Archer Daniels Midland agrees to $650,000 fine
Company creates new VP for safety and health
The huge conglomerate Archer Daniels Midland (ADM) has agreed to pay $650,000 in penalties for safety and health violations at its rail car repair facility in Decatur, IL, and to create a new corporate position of vice president of safety and health. The settlement agreement was announced recently by the federal Occupational Safety and Health Administration.
"We are pleased that ADM has agreed to resolve this matter," OSHA Administrator Charles Jeffress said in announcing the settlement. "The company has already corrected the most dangerous conditions involving serious hazards to its employees who were working in confined spaces without proper equipment and assistance. Even more encouraging is the company’s willingness to improve safety and health conditions at all its facilities nationwide."
ADM certified in the settlement that the conditions in the original violations have been corrected and that the vice president of safety and health will be charged with corporatewide authority and responsibility for monitoring the working conditions throughout the company.
OSHA inspected ADM’s rail car facility following an employee complaint that workers were assigned to clean inside rail tank cars without an attendant present.
The confined spaces standard requires the presence of attendants for the sole purpose of monitoring and protecting employees working in a confined space. OSHA inspectors also found that employees working inside the rail cars were wearing body harnesses without attached retrieval lines. Those lines would allow for emergency rescue of employees without exposing others to the confined space.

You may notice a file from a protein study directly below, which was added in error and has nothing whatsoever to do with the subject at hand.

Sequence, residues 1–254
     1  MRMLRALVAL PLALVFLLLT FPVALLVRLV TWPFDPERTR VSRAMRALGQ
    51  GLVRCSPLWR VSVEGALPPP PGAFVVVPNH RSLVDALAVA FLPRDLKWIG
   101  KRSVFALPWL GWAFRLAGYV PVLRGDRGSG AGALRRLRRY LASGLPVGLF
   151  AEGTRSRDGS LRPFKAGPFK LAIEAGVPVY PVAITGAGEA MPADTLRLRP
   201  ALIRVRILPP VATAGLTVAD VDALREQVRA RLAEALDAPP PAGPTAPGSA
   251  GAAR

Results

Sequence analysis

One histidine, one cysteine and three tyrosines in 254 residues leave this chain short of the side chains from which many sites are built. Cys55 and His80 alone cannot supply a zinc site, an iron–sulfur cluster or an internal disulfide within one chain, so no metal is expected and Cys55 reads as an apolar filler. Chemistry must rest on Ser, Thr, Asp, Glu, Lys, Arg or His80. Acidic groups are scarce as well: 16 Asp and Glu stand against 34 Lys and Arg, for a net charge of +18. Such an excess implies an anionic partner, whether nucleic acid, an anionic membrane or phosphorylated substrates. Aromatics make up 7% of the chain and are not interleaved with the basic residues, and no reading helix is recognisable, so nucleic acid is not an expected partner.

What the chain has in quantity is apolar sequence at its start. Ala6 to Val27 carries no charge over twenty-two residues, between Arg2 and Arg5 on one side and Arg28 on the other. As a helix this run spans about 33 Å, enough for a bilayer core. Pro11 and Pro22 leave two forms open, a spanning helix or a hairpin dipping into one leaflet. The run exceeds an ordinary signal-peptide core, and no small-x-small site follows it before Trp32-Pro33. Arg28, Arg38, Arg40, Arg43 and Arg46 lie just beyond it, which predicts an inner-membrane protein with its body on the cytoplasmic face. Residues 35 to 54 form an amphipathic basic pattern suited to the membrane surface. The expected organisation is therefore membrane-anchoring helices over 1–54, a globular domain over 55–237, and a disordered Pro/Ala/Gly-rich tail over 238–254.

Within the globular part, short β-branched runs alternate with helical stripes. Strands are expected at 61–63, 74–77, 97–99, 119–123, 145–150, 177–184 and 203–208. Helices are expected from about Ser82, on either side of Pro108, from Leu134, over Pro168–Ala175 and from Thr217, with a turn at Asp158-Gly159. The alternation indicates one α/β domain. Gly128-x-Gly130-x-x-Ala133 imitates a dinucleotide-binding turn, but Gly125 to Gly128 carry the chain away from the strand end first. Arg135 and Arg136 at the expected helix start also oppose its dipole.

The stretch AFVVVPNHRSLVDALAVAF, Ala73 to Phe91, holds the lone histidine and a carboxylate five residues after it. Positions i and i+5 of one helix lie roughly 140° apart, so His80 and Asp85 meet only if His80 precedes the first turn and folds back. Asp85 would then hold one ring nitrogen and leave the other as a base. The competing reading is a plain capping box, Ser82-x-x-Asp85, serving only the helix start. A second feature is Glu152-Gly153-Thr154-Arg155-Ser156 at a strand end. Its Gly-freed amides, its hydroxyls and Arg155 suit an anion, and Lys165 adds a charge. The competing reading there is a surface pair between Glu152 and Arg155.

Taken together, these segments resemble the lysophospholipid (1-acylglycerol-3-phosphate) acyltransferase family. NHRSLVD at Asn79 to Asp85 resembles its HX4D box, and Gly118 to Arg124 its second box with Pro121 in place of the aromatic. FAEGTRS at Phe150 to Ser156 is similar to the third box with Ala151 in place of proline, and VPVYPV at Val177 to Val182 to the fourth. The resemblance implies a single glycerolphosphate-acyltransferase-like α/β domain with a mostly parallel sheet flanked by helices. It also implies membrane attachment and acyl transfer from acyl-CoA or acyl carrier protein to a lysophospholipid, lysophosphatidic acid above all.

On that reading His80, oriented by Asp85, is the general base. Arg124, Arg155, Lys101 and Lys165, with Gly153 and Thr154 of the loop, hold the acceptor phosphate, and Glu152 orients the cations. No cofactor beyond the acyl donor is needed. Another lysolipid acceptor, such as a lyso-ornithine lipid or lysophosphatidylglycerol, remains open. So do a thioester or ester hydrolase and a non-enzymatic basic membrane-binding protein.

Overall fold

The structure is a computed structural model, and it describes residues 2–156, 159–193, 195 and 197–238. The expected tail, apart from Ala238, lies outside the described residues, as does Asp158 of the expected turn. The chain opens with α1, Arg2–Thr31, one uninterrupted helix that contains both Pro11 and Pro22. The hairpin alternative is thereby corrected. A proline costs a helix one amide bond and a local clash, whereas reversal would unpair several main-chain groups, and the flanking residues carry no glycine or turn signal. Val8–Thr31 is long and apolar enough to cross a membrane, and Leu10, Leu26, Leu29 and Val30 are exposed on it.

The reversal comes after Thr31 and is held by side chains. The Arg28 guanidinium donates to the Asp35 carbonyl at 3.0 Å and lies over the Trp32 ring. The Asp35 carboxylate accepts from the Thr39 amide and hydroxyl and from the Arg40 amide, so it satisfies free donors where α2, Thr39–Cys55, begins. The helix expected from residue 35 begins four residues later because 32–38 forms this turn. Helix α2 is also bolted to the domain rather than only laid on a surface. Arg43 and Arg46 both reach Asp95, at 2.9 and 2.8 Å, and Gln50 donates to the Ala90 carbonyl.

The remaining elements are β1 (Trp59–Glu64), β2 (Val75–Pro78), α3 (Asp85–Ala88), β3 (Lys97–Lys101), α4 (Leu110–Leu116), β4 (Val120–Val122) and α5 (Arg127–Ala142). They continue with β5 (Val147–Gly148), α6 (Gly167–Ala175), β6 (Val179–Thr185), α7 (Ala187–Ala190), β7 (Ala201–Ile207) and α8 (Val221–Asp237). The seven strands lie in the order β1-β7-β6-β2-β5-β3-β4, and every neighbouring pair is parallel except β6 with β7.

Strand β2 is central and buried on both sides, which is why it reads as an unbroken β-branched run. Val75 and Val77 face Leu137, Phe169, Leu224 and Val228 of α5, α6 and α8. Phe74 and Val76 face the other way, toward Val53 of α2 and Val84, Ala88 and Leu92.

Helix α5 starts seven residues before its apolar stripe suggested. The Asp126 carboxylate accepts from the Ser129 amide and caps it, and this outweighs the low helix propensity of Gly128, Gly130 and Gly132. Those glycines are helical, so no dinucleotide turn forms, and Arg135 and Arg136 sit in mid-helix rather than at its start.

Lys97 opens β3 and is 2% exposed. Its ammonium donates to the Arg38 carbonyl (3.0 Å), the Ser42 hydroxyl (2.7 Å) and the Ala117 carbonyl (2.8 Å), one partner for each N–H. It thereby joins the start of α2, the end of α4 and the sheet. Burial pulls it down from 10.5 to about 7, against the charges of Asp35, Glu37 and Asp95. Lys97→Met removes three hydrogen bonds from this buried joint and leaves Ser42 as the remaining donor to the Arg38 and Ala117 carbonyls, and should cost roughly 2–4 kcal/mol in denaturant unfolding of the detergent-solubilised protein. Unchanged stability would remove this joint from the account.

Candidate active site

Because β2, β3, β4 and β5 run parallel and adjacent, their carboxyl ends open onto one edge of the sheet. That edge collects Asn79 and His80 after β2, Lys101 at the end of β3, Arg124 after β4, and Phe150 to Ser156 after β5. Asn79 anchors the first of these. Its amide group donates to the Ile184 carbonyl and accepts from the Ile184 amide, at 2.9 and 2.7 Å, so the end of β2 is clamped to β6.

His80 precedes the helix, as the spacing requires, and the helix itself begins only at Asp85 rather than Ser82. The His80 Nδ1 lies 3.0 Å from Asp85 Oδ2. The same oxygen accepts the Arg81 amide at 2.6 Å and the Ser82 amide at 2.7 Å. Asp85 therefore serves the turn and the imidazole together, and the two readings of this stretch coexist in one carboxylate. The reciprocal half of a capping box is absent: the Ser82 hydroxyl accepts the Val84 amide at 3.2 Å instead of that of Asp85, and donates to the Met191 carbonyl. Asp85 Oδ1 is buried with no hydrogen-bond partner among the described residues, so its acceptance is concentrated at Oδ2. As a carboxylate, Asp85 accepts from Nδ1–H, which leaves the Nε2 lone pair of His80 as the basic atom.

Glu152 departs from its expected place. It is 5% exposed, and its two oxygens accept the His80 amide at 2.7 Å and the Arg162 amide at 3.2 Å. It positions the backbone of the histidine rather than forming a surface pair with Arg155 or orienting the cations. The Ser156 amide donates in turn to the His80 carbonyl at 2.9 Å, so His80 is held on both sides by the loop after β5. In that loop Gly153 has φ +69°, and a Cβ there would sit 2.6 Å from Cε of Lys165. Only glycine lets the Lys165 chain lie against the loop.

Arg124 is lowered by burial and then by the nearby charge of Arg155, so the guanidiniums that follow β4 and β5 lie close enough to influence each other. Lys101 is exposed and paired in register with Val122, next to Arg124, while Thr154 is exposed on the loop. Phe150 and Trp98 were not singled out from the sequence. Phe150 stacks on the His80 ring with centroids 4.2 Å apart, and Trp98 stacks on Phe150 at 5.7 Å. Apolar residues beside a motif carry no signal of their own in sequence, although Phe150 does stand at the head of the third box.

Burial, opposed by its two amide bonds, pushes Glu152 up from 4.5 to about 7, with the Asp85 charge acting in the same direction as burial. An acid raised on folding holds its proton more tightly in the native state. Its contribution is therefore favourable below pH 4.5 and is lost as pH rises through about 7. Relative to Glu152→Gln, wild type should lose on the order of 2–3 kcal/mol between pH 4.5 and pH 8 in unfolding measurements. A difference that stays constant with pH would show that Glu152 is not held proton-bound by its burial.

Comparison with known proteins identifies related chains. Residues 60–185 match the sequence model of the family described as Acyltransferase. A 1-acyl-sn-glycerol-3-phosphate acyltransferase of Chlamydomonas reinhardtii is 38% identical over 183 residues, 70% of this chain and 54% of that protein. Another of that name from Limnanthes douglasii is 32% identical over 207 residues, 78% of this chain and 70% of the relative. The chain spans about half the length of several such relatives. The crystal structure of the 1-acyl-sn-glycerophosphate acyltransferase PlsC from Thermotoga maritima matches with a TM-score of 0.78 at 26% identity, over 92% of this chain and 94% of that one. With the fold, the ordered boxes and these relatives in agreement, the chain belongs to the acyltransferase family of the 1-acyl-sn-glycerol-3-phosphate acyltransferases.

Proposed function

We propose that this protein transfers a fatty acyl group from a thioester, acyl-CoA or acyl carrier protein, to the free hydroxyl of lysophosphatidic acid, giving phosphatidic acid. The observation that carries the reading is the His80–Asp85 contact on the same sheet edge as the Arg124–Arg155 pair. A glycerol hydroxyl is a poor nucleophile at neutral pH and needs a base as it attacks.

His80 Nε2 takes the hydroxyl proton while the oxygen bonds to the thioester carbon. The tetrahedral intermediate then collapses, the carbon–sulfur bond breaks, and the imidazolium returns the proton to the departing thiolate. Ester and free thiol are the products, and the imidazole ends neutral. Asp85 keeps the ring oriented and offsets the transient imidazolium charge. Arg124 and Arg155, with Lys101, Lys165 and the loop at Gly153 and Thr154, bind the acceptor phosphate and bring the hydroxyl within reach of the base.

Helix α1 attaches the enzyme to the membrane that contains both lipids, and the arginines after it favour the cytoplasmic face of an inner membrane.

ADM rolled out corrections companywide
As a result of its investigation, OSHA cited the company Dec. 2, 1998, for violations of the confined spaces and respiratory protection standards, as well as inadequate storage of flammable and combustible materials. Penalties of $1.6 million were initially proposed.
"By correcting the initial problem and creating a new position for oversight on safety and health, ADM has taken a significant first step to improve the safety and health of its workers," Jeffress said. "That tells us they are serious about eliminating safety hazards while, at the same time, showing their employees that management is committed to their welfare."
Under the settlement agreement, ADM will establish and maintain a trained internal confined space rescue team at the rail car facility and will conduct annual internal safety and health compliance audits of that facility for the next three years. Results of those audits will be provided to OSHA’s area office in Peoria, IL.
ADM also will retain an experienced independent consultant to conduct "wall-to-wall" audits of the rail car facility in 18 months. Following the audit, ADM will develop and implement a written action plan to respond to the findings of the audit.
The settlement also requires the employer to make available at the rail car facility forms for employees to complete (anonymously if they choose) regarding any safety concerns. ADM will evaluate and consider all concerns or suggestions. ADM also must review all written policies and procedures regarding confined spaces within 30 days and modify such policies as necessary within 45 days. The vice president of safety and health will issue a corporatewide bulletin to all ADM’s facility managers in the United States directing them to ensure their site-specific confined spaces policy, procedures, and practices are in full compliance with the OSHA standard.
ADM’s corporate headquarters and numerous facilities are in Decatur. The company, which processes and merchandises agricultural commodities and products, employs about 14,000 workers nationwide. Approximately 45 workers are employed at the rail car repair facility.